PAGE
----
If you made a list of the ten most important books that have shaped your life and why, what would that list tell you?

More than any other time in my life, reading has kept me from sinking emotionally during the overwhelming changes that are happening in our world. (A friend inspired me to install a garden swing on our patio which is the perfect place to escape to for summer reading!)

So I made a list. Maybe we share some favourites.

Apart from the Bible which has been the foundation of my life, I started with the standout books from my childhood and reached my top ten by the time I turned thirty. Every book is considered a literary classic which got me thinking. A definition of a classic is “something that stands the test of time.” Which means a book I read when I was eight still affects me, challenges me, and opens the world to me, although in different ways, fifty-five years later.

Make a list of your Top Ten and find out which books are still speaking to you. Maybe this is the time to revisit a few.

Here are mine (in order of the age in which I first read them):

1. The Island of the Blue Dolphins by Scott O’Dell–Newbery Winner 1961

“Now I was really alone.”

The greatest gift my fourth grade teacher, Mrs. Beecher, gave me was an introduction to this book. Blue Dolphins took me out of the Nancy Drew zone into someplace very different. Based on a true story, a young girl survives alone for eighteen years, growing into womanhood on a small island off the central coast of California in the 1800’s. We read this book in class during the aftermath of the Cuban missile crisis when we Californian schoolchildren had regular air raid drills in which we had to crouch under our desks until the sirens stopped. We were told it was because if a bomb hit Los Angeles, the windows of our classroom might shatter.

The 1960’s was a turbulent decade. As a child, I absorbed the fears of the adult world–the Communist threat, the Watts race riots, the escalating war in Vietnam–fifty-five years on, it would appear not much has changed.

The character Karana in The Island of the Blue Dolphins has become an icon for me of the individual’s ability to not only conquer one’s fears in the face of isolation and adversity, but to also embrace the beauty of life at the same time. O’Dell’s beautifully sculpted prose never fails to uplift me in a story that encourages me to never give up hope.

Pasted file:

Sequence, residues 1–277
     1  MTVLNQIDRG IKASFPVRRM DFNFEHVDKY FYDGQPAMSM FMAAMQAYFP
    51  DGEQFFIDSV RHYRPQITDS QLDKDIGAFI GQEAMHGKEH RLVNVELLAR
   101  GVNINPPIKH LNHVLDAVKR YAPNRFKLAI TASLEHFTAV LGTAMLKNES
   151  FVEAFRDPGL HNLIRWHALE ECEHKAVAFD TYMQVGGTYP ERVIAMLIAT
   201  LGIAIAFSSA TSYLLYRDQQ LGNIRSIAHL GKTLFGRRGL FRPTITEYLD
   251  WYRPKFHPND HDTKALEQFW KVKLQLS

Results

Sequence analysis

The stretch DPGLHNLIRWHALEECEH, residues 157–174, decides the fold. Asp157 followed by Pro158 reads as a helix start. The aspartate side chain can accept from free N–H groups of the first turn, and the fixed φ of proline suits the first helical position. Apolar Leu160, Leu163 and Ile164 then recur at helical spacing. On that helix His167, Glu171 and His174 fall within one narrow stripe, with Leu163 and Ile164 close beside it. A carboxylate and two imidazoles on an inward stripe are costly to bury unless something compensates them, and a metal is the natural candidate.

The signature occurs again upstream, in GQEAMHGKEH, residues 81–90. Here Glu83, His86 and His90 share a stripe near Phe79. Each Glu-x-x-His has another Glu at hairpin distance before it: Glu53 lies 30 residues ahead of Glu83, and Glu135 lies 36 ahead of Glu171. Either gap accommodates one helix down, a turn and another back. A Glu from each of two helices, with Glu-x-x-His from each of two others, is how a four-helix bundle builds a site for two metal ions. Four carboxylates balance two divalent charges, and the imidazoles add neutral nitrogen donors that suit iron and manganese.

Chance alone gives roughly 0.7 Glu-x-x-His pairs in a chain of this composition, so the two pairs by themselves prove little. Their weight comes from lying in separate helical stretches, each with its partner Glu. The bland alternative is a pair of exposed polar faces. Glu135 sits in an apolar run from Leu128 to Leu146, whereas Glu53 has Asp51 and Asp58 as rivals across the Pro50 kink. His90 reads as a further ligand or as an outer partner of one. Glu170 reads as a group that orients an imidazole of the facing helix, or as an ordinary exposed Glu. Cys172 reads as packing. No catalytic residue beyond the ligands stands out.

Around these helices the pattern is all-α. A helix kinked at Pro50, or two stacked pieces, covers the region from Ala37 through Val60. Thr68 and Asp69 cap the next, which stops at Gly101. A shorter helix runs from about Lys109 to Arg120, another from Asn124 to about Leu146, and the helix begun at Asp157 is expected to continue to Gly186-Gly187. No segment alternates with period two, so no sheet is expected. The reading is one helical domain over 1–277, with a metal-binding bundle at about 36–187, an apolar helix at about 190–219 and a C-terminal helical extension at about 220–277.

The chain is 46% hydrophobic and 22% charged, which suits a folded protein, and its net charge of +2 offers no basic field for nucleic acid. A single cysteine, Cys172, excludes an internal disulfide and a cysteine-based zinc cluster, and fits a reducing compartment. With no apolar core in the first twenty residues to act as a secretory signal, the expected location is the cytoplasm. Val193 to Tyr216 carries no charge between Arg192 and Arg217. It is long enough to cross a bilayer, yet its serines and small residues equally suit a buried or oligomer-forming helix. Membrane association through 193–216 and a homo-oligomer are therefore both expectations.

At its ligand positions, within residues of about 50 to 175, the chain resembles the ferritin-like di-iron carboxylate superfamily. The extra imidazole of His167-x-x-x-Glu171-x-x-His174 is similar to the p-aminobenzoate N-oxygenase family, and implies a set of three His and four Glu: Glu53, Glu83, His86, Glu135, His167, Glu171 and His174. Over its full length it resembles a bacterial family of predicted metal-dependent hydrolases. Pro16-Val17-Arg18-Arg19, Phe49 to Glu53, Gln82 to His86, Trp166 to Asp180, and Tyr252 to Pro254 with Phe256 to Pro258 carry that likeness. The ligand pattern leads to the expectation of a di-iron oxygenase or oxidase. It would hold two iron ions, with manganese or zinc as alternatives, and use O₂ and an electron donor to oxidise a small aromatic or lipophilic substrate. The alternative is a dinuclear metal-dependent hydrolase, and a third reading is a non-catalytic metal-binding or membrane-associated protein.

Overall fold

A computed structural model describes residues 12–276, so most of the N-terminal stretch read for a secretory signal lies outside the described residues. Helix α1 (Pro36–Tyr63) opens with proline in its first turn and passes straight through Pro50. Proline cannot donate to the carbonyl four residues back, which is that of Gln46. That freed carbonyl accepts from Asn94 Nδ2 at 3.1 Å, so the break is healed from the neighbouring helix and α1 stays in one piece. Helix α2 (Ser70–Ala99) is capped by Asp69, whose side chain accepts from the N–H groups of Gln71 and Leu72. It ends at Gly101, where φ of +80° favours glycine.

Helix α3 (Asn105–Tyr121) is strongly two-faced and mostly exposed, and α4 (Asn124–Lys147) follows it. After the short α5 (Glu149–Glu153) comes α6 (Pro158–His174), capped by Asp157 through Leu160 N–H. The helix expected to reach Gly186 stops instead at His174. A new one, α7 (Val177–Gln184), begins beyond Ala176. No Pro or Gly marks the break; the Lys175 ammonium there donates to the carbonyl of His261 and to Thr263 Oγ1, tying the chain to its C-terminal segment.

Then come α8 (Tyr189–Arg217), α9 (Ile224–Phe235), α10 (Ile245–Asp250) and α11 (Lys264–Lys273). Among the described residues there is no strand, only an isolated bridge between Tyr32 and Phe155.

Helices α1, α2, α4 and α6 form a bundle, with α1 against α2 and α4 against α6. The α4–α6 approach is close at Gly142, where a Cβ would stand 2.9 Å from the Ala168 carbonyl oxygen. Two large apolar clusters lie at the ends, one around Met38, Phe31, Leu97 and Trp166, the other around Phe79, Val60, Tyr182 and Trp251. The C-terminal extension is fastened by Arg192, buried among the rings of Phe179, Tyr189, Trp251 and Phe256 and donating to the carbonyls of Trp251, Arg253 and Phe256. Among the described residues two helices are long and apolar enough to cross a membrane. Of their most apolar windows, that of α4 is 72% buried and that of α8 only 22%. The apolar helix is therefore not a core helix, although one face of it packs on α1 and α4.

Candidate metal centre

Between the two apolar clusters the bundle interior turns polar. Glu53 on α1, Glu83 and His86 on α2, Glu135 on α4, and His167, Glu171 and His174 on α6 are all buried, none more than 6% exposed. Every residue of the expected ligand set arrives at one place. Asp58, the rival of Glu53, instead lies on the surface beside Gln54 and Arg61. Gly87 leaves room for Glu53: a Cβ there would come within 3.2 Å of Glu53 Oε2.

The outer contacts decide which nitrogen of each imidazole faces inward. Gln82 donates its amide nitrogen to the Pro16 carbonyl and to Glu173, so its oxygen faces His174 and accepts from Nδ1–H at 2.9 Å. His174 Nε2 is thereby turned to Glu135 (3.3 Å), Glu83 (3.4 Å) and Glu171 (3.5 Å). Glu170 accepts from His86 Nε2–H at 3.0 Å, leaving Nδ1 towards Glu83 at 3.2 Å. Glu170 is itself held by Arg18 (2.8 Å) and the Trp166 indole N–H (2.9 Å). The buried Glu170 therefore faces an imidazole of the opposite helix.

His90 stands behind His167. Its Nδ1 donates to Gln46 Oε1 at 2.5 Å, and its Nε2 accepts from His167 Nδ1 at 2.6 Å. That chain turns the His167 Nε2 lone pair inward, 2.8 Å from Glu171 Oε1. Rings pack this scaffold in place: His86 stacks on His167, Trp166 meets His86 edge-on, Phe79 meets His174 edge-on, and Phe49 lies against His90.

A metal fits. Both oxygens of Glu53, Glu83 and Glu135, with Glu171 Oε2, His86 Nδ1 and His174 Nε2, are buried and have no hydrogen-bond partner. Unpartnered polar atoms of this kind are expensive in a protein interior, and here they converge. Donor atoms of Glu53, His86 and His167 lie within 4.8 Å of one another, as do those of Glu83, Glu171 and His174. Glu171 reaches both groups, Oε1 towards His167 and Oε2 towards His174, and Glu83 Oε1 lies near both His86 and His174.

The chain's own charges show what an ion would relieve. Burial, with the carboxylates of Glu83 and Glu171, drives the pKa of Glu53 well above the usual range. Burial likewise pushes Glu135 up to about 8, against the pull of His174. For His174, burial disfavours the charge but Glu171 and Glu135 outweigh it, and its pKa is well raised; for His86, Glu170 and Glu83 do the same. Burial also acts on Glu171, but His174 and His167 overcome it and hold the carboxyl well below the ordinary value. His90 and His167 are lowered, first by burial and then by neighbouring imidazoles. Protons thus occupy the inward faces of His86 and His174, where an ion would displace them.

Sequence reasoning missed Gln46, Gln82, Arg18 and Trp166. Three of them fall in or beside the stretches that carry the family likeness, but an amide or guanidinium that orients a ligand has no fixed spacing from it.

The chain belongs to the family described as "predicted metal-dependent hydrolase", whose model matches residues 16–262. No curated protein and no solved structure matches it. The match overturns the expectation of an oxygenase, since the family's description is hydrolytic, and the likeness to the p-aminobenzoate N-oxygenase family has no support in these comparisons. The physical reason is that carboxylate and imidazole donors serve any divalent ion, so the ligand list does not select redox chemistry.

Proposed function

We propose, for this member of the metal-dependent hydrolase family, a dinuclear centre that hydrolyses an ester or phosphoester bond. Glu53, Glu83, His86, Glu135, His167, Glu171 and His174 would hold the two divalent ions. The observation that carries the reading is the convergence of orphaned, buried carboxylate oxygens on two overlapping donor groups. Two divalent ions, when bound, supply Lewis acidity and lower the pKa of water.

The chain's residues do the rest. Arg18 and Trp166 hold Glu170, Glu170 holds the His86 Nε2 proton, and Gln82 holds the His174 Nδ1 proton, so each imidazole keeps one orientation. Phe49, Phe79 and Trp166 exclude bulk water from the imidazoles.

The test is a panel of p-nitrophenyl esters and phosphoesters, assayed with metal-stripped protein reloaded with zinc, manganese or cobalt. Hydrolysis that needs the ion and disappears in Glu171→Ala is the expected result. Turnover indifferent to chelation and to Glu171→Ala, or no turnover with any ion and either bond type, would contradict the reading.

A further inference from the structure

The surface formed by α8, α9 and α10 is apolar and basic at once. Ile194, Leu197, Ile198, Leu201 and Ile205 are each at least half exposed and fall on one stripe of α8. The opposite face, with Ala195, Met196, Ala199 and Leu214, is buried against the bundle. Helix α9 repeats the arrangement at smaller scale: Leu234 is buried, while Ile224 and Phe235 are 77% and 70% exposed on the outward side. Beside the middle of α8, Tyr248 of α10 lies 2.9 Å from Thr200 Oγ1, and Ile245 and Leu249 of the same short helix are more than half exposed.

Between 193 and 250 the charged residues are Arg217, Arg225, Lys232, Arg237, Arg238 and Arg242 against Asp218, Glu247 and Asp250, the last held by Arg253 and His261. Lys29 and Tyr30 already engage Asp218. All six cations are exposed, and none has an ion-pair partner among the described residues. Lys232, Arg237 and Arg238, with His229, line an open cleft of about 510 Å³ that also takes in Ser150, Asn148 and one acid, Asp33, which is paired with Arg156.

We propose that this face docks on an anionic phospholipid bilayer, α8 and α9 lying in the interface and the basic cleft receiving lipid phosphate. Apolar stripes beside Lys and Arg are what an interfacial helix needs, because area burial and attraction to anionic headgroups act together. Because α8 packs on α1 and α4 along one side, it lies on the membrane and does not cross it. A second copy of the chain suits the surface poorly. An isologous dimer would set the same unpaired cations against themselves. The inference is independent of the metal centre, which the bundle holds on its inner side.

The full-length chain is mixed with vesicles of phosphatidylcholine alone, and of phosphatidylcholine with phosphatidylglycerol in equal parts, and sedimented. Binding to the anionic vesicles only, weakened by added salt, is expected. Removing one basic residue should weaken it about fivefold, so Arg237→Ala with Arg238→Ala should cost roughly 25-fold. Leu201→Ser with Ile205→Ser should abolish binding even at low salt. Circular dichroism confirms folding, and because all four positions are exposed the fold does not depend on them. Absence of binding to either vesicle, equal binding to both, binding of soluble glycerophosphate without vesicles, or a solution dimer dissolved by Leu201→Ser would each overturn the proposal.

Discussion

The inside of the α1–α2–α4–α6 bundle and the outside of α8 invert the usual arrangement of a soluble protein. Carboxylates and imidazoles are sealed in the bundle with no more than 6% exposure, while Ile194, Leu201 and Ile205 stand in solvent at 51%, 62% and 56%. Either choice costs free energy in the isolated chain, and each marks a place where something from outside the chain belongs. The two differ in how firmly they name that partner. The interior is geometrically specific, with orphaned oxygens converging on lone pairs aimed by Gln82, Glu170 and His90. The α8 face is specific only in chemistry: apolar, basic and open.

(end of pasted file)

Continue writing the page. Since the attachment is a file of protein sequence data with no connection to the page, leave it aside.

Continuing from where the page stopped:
2. Jane Eyre by Charlotte Brontë

“Reader, I married him.”

Who doesn’t love the poignant triumph of that famous line? Little Jane of no consequence marries the man she loves, but at a cost. Rochester, her soul equal, is a blind ruin of the man he once was.

I first read Jane Eyre at thirteen and was astonished to discover in all that archaic language a downright thriller. Things are not what they seem at Thornfield. Jane wakes up to hear a demonic laugh breathing through the keyhole of her bedroom door. I’ll never forget the moment I read that scene. Totally creeped me out! I was compelled to read on.

Of course, there is much more to Jane Eyre than the madwoman in the attic. Like Karana in The Island of the Blue Dolphins, Jane must continually rise above her social isolation in a world that has abandoned her. But she does so, over and over again, facing whatever life throws at her with courage and the determination to retain her freedom.

True freedom resides in the spirit. We may not be able to alter our circumstances, but we can choose how we live within them. Jane’s real triumph is that she loves freely, wholly, even when confronted with disaster, because she herself is a free and whole being.

3. A Tale of Two Cities by Charles Dickens

“It was the best of times; it was the worst of times.”

Indeed! Things don’t get much worse than the French Revolution.

I first read this Dickens classic at thirteen (that was an epic year in English class). I remember being amazed that the creator of Oliver Twist and Mr. Scrooge had written an entirely different kind of book.